Reaching the bottom, I added another trail to my morning. Soon after getting on, I joined up with a lady trail-running the hike I was on. We hiked the entire trail together, sharing stories about hikes, the outdoors and sports. Passing some ponds, waterfalls and even spotting a wild tarantula (how cool is that?!), we had a lot of fun. After saying our goodbyes, I headed back to camp around noon to catch up with Derek to have some lunch (breakfast for him, really). It didn’t take long for me to realise that my exertions probably had been a little much, considering how out of shape I currently was. Taking it easy, I took a good afternoon nap in the hammock back at camp until we headed out to Kolob Canyon again in the evening, in the hope of catching another storm and possibly some lightning over the cliffs. With no luck, we turned around pretty soon and rewarded us with some pizza near our campground. Back in the tent, I don’t think I’ve ever fallen asleep so quickly, already having my mind on our next stop: Bryce Canyon.

Until then,
David

Death Valley

The hottest, dryest and lowest… Death Valley holds quite a few records when it comes to National Parks in the US and it certainly did its name justice during our visit. Driving into the park, we recorded a 20 F increase over 12 minutes, so we knew we were in for some toasty days. Before we explored the park, though, we picked up Chris, a friend of Derek’s, who joined us for this stop along our road trip.

After settling into our motel outside the park (even we are not crazy enough to go camping in the park during this time of year…), we set out to drive to our first location: the racetrack. 3 hours of driving, over half of it off-roading, took us to the vast and dry playa, famous for the “sailing stones” – rocks that leave tracks behind them in the playa as they move as if by magic. Naturally, the scientific explanation takes away some of the mystery surrounding their travels, so I won’t spoil it for you. Anyways, we ended up photographing quite a few of those stones with the Milky Way as a backdrop.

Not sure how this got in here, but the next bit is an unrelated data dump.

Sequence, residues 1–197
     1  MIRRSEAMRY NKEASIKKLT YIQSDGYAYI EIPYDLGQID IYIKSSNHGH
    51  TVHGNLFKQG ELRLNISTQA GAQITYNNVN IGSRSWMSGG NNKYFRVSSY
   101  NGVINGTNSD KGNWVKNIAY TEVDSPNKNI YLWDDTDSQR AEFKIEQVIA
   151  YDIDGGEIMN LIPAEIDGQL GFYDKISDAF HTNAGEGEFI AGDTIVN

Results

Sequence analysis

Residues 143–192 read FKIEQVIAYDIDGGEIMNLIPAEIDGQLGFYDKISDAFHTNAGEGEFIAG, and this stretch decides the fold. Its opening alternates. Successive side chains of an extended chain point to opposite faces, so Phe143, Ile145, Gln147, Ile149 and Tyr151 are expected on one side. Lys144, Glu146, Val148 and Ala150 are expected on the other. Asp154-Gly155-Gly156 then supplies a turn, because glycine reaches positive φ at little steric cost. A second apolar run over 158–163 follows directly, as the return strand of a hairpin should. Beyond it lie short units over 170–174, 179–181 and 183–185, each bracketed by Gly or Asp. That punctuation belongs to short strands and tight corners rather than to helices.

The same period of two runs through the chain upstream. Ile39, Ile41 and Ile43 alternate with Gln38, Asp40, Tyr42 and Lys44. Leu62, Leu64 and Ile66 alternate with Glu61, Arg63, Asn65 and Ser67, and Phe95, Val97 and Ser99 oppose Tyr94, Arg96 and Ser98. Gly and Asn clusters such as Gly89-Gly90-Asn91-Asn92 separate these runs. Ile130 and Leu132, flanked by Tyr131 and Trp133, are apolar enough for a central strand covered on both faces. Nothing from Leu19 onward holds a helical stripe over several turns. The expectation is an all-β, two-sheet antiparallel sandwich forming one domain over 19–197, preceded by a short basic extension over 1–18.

The mysterious Sailing Stones at the Racetrack Playa have been on my to-shoot-list for quite a while!

The mysterious Sailing Stones at the Racetrack Playa have been on my to-shoot-list for quite a while!

During my late-night stumble over some small dunes me and my camera met our maker: 44 °C after midnight.

During my late-night stumble over some small dunes me and my camera met our maker: 44 °C after midnight.

Thoroughly enjoying the experience, we were a little surprised that it was “only” around 30 °C at night – we had expected worse. If only we knew. The following day saw us sleeping in as we had only gotten back to the motel past 3 am. Derek and Chris went off-roading a little more while I stayed behind, avoiding the heat and catching up on some photo-sorting and blog-writing. After sunset, we headed back into the park to photograph some sand dunes. Fully expecting the night to be as pleasant as the first one, reality hit us hard with 44 °C as soon as we got out of the car. Bear in mind, that is the temperature at midnight we are talking about. The shoot that followed easily ranks in my top three toughest shoots ever, right up with a blizzard about two years ago (I did find me wishing part of me would be back in the snow…). After about an hour, we had to call it a night: we were physically exhausted, stumbling across sand and rock-hard dirt, navigating the bushes in the dark and trying to stay focused in the incredible heat. In addition to that, my camera was reaching the limit of its operating conditions – another hour and I am sure it would have turned itself off – giving me green and red blotches in my images due to the heat.

Getting up early to scramble over some dunes was a lot of fun and even paid off in terms of photography!